The future of work…from the past
The PSA has been concerned about the future of work and its impact on our members for quite some time, as shown by this leaflet from the early 1980s.
The leaflet explores the growing use of computers, explaining them to an audience who were starting to see their jobs changing.
“Add a chip to the machine and you give computer powers to the machine. The range of equipment incorporating chips is very wide indeed.”
In the 1970s, huge job losses had occurred thanks to technology, with the leaflet noting that “in the private sector in New Zealand two insurance firms have reduced their typing staff by 66% and 75% respectively”, and warning “Association members must be particularly concerned because the public sector is … faced with job destruction from new technology.”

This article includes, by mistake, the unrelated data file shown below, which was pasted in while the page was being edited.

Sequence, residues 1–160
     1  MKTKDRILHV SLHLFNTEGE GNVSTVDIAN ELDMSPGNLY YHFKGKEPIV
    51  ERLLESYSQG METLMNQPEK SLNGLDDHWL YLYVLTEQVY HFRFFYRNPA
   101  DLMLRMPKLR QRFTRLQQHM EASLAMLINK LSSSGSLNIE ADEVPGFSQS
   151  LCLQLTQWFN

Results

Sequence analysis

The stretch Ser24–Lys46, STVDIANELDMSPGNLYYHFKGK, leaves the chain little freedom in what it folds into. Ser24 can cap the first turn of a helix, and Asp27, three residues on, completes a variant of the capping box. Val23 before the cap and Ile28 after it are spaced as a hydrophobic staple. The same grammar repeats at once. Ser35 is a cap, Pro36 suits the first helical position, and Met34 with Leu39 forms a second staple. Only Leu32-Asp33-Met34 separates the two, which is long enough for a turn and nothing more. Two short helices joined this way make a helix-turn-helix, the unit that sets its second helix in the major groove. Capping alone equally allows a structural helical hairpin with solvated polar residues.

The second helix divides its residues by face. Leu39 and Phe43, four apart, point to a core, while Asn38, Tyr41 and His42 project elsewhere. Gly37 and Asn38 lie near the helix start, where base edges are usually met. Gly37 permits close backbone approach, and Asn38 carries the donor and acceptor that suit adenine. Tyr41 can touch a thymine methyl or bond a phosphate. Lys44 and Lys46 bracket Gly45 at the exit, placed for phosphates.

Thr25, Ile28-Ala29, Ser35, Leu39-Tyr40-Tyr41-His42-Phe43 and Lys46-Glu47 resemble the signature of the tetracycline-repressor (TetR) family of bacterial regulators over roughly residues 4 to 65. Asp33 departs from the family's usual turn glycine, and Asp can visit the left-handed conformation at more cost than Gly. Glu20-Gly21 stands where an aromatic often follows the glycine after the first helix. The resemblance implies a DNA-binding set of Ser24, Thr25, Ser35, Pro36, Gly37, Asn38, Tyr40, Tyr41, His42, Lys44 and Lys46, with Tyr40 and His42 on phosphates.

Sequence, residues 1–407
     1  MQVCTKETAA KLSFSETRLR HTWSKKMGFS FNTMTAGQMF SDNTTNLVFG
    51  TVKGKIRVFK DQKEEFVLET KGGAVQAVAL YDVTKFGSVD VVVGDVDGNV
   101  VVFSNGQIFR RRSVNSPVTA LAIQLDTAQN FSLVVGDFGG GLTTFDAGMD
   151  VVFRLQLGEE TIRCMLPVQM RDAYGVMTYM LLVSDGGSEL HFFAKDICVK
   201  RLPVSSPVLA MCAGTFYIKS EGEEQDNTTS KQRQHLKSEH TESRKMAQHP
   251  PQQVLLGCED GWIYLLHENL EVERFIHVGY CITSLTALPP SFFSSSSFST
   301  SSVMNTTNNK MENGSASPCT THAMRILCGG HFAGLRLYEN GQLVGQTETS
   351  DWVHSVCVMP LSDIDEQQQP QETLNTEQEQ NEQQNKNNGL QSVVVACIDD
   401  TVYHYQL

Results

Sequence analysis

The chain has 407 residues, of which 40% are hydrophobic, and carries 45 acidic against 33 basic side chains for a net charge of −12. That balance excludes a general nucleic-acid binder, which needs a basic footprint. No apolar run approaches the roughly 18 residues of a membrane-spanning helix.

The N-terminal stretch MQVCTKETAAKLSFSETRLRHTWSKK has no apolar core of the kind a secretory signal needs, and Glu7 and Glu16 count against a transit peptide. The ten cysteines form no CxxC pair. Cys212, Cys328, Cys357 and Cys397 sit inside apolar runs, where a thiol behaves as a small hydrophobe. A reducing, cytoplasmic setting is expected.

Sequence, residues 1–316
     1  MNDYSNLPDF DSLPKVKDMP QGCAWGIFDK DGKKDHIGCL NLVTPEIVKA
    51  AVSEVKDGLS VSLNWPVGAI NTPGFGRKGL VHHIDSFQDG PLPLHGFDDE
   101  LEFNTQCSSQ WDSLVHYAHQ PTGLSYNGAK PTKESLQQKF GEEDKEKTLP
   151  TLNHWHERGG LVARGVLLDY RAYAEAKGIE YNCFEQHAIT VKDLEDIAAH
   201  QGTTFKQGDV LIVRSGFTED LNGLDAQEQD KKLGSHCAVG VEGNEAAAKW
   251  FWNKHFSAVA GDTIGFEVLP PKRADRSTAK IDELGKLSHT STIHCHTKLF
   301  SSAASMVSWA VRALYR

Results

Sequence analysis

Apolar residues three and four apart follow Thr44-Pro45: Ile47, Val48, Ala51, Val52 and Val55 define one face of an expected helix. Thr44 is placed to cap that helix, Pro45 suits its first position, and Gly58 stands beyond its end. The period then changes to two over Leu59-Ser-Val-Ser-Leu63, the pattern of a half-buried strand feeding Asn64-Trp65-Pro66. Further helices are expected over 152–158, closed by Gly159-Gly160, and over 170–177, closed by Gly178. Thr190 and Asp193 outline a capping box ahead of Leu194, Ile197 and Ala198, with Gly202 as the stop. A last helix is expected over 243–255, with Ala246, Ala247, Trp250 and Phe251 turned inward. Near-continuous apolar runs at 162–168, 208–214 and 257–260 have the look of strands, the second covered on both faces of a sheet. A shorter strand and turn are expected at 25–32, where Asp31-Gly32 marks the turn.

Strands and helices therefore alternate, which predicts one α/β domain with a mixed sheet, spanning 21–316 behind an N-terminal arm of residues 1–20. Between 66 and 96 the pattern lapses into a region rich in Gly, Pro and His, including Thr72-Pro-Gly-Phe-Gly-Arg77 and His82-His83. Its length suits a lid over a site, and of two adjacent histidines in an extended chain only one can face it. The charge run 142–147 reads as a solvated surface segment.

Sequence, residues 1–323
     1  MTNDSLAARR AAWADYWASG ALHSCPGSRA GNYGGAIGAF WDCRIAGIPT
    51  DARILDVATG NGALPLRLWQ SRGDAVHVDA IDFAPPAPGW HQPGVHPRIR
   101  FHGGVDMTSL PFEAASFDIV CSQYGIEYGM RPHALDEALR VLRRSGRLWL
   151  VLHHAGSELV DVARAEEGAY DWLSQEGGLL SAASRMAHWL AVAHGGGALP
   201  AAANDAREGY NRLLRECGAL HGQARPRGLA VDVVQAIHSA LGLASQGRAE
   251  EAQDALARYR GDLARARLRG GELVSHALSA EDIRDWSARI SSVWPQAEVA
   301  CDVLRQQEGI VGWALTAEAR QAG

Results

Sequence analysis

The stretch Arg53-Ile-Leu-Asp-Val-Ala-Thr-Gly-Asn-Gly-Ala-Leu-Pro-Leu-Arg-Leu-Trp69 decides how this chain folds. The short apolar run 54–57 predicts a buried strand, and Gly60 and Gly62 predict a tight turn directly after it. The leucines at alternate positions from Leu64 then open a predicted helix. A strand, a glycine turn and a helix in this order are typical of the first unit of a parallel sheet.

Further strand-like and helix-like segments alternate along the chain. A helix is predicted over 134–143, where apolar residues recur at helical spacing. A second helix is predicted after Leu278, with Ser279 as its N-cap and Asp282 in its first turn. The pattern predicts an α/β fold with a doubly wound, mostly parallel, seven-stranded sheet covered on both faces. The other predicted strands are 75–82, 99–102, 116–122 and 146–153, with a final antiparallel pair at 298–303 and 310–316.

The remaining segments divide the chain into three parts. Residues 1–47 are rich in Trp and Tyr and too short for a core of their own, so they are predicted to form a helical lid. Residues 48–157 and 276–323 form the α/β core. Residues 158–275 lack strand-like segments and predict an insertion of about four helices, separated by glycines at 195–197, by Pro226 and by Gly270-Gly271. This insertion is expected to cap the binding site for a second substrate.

The PSA was active at the time in confronting the issues raised by new technology. We supported technology to strengthen and improve the public sector, provided that jobs were protected, health and safety was a priority and any productivity benefits were shared with workers.
Alongside other unions, we held a conference in 1980 to examine the impacts of new technologies, and the PSA negotiated an agreement with the State Services Commission and the Broadcasting Corporation about the usage of computer screens.
The nature of work is constantly shifting – how we cope with it though, is up to us.